CHARLOTTE, N.C. -- A Mecklenburg judge on Monday dismissed a driving while impaired charge against Tim Newman, ruling that the former chief executive of the Charlotte Regional Visitors Authority had been kept in jail too long after his arrest.
Mecklenburg District Judge Kimberly Best dismissed the DWI charge because Newman spent more than three hours waiting to be released from jail on May 23.
A magistrate had given Newman an unsecured bond at 1:15 a.m. But Newman didn’t get out of jail until 4:34 a.m.
“He should have been out within an hour,” the judge said in throwing out the DWI charge. “Instead, it took three hours.”
Because alcohol levels in a body drop over time, defendants in DWI cases are supposed to be released from jail as soon as possible after their arrests so they can gather evidence for their defense. That could include having friends and family observe their condition or obtaining a blood test as independent proof of sobriety.
Prosecutors can appeal the judge’s dismissal of the DWI charge against Newman.
Newman was charged with DWI and hit-and-run on May 22, after an accident at Interstate 77 and LaSalle Street shortly after 10 p.m., N.C. Highway Patrol trooper John Burgin said.
The hit-and-run charge against Newman is still pending.
Newman, 48, declined to comment as he left the courtroom.
“Mr. Newman is really happy about it,” defense attorney Brad Smith told reporters after the DWI charge had been thrown out. “It was a clear violation of my client’s rights.
“We don’t know why it took so long to release Mr. Newman from the jail.”
During Monday’s hearing, Newman testified about his long wait to get out of jail.
“I just sat and waited,” he said.
“Did you want to hang out in the jail?” Smith asked.
“No, sir,” Newman replied.
Smith urged the judge to dismiss the DWI charge against Newman.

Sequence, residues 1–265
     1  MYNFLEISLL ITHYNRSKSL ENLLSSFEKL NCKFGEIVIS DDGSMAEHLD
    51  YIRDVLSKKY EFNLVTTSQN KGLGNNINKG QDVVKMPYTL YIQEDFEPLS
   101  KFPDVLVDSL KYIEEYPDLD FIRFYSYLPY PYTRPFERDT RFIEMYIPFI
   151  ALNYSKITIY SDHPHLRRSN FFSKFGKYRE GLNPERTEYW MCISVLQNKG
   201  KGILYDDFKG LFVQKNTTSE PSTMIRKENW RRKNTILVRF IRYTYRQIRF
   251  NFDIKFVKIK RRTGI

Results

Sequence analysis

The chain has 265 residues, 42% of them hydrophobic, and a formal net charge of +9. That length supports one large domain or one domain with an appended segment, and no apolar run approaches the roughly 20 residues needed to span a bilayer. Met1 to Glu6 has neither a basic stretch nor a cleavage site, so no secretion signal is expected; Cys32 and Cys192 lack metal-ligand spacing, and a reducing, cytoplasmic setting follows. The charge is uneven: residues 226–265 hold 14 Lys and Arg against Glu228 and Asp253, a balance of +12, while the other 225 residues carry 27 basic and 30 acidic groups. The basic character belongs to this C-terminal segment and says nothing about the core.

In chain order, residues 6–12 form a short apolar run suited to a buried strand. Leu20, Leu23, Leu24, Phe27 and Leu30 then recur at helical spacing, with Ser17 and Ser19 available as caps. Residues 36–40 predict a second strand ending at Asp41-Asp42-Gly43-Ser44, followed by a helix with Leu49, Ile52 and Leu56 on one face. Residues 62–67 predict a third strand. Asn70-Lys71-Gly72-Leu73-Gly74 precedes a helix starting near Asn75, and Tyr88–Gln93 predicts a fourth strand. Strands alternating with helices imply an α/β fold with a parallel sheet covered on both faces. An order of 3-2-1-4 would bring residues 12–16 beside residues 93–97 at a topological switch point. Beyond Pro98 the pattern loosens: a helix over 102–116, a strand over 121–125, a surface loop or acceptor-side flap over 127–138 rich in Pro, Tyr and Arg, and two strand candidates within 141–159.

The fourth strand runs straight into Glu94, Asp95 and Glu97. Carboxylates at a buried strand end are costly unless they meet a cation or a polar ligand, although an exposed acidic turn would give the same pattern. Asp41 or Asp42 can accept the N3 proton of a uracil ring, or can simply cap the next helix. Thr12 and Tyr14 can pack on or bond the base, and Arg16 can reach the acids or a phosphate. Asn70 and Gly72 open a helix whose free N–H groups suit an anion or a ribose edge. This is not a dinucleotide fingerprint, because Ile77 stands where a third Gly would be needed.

“It’s shocking. It’s unconscionable the amount of time people sit in jail,” the defense lawyer said.
Smith told reporters that N.C. Supreme Court rulings don’t specify how long is too long for DWI defendants to stay in jail, but he said those charged with DWI should be released as soon as possible.
On the night of May 22, Trooper Burgin said, there was stop-and-go traffic on I-77 because of another accident. Newman hit a vehicle, the trooper said. The driver of the other car stepped out of the vehicle, but Newman said everything was OK and drove off, according to Burgin. The other driver called the police.
Refused alcohol test in jail
Burgin said the arresting officer believed Newman had been drinking. A roadside breath test produced a positive reading for alcohol. A trooper testified at Monday’s hearing that Newman, while at the jail, refused to blow into an Intoxilyzer – the instrument that registers alcohol levels.
Newman had been the CEO of the Charlotte Regional Visitors Authority since 2004 but was forced out last year after the Charlotte City Council and Mayor Anthony Foxx questioned his management.
After a new chief executive was hired in December, Newman stayed on as a senior executive.
The CRVA said Newman resigned in February.